It wasn't until she walked around the desk that she found the body. She gagged, trying hard not to vomit. On the carpeted floor, now sodden with blood, lay the remains of person in the tattered remnants of a suit. The desk and overturned chair were coated with droplets of blood, but she hardly noticed them. The blood was nothing new, but the skin of the dead man was burnt and scorched all over. Strange markings were branded into the flesh of his back. He lay face down, so she, already guessing who it was, leant down and managed to tug him onto his back.
She let go hurriedly, unsure if she was seeing correctly. The dead man's face was covered in blue spikes which seemed to project from his skin, while his lifeless eyes still seemed to shine a bright red. Despite this, she recognised the face of Signor Antonio Martelli.
The cause of death was obvious; there was a gaping wound in the man's chest. Lara pulled back abruptly, retreating from the smell and sight of death. The music rose to a crescendo, and in sudden anger Lara yanked the CD from its tray, so that the room fell blissfully silent.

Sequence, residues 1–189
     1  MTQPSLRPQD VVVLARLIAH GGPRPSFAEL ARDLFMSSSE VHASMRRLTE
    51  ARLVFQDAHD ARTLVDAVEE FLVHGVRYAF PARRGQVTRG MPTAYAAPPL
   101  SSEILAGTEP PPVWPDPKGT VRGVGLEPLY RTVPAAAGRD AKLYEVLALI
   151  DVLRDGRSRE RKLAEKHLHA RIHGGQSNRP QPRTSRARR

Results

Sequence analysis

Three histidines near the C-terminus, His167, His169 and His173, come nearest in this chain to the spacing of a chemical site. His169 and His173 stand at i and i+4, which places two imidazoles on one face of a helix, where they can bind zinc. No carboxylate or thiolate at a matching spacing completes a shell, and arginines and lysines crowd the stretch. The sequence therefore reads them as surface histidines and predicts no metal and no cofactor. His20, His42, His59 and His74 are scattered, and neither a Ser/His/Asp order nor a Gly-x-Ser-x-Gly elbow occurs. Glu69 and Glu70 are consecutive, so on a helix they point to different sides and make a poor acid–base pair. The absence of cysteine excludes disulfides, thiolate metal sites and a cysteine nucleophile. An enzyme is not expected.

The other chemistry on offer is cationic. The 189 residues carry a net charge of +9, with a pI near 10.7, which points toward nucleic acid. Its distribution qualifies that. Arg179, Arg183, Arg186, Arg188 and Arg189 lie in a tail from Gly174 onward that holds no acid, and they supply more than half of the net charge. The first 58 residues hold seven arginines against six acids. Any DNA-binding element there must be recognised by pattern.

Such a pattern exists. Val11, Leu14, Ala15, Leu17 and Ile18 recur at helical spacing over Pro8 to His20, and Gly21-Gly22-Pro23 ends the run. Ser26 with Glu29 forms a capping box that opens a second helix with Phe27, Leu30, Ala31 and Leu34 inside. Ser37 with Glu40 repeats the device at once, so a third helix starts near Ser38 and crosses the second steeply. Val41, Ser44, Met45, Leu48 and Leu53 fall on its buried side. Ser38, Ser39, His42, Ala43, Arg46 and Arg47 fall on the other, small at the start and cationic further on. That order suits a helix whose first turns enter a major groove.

She slowly returned to the body, leaning down to press her fingers against the man's neck. He was stone cold, clearly dead for several hours. As she bent down, her eye was caught by a small light flashing under the desk. Stretching out her hand, it came in contact with a small hard object. Closing her fingers around it, she pulled back to reveal a mobile phone. Flipping open the lid, the small screen lit up to display a grand total of 20 missed calls and numerous messages. Scrolling deftly through the menus, she discovered the last call to be answered had taken place around 3:30 pm.